You're going to want to consider the following infographic very carefully, because I believe the message it conveys is not the lightening bolt that ought to be being sent out to candidates.
It's 2012 - and on face value this infographic suggests the main thing a candidate needs to understand is the evolution there's been in the method used to apply for jobs.
I can't agree with this - and if you're looking to change careers, neither should you. The fundamental shift in the recruiting landscape has been the way social media has empowered recruiters to approach candidates directly (tweet this!). Take a look at the infographic and then I'll expand on this - and most importantly what it means for you.
The recruiting landscape has changed so dramatically that anyone still trying to do things the old way will soon be extinct. And the big change? Candidate data is now out in the open.
Go back a few years and there was a huge divide. Most organisations (notably employers) had no access to huge databases of candidates. If they wanted to make hires, they either had to initiate campaigns to attract candidates to apply (be that via job advertising, careers fairs, meet & greet evenings, etc.) or they had to engage companies (notably recruitment agencies) who had huge databases of candidates who could be directly approached.
Recruitment agencies made the direct approaches to candidates; employers initiated campaigns and then sat back waiting to receive the response.
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Fast forward to 2012. The combination of CV databases and social media have given employers parity in having the information needed to approach candidates directly (tweet this!). Many of the world's most prestigious employers have been busily setting up internal headhunting teams to do just this. Researching and contacting potential hires on sites like LinkedIn and Social-Hire, they are no longer constrained from making direct approaches to candidates - in a way that was previously only open to recruitment agencies.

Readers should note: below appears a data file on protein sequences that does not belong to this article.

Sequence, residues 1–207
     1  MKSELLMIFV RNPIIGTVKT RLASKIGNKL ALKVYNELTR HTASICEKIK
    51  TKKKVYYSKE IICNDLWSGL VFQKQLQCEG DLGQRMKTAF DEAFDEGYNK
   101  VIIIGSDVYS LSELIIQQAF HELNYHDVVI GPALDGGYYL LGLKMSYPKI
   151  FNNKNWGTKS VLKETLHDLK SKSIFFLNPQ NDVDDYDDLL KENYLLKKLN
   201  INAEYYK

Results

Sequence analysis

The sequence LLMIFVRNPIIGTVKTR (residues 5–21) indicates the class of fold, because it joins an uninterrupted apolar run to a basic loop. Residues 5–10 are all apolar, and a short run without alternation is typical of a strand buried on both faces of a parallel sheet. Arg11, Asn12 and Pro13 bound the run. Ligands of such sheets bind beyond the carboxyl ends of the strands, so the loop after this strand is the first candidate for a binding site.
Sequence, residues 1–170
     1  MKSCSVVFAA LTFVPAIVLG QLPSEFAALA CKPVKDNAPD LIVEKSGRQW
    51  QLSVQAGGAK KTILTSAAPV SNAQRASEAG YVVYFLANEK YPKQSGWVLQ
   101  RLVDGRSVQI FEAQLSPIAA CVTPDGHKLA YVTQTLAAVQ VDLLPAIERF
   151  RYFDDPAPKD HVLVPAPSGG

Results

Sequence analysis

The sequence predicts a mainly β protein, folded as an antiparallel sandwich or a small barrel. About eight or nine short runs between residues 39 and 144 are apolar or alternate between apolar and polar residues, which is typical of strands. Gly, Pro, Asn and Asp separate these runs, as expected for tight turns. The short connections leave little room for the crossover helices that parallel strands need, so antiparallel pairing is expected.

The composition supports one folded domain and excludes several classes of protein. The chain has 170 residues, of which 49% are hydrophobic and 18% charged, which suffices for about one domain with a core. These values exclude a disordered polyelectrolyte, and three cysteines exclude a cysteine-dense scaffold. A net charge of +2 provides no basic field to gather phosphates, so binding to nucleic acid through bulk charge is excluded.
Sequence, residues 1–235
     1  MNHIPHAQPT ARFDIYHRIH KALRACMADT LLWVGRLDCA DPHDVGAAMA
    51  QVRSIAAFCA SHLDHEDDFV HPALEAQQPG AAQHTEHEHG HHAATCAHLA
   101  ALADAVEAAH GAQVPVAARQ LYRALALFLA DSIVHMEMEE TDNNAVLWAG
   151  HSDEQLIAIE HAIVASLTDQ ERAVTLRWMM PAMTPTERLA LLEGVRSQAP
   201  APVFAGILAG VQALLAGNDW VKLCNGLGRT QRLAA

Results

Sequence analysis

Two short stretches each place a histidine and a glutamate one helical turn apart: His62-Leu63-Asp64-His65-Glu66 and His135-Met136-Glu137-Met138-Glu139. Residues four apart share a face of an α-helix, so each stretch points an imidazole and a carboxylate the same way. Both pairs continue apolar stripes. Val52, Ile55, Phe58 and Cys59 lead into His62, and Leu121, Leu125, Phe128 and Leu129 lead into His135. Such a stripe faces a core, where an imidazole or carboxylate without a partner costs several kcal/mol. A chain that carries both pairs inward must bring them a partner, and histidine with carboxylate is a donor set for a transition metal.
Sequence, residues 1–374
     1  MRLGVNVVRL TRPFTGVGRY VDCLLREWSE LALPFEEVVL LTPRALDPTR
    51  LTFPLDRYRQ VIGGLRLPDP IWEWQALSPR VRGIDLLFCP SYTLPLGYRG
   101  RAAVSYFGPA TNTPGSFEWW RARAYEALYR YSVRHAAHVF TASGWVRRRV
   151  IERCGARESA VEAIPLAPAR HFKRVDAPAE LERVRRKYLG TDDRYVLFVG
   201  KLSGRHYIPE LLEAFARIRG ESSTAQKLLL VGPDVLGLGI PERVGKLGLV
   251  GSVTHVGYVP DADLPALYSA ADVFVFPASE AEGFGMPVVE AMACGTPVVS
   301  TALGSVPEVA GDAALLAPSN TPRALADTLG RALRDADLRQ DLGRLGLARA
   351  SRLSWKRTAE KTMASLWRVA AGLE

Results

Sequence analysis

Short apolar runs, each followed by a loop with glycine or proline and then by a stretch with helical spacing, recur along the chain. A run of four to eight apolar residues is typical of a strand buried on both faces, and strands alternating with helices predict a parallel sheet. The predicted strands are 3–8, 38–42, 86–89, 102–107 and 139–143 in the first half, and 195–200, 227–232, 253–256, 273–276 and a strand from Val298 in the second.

I would counsel any candidate looking to further their career that it is understanding this dynamic that is absolutely key to their further career progression. Yes video interviewing is a landmark in recruiting. Yes online having replaced print media is a major change. But the most fundamental change we have seen is that any organisation can now research and approach you for a job, irrespective of your job-hunting intentions - and with no regard to whether you've yet taken the time to perfect your online persona.
I've written about these changes at great length, so I refer you on to reading:
... and for more insights see my full list of blog posts on my profile page.
One last thing: it is often misunderstood that those championing the importance of this change also believe in the demise of recruitment agencies. For the record, I am not in that camp. Employers will continue to draw extensively on recruitment agencies as a source of hires. But they will do so for the resources they can provide - and for their expertise in researching and engaging potential hires, rather than simply for access to their rolodex of contacts.
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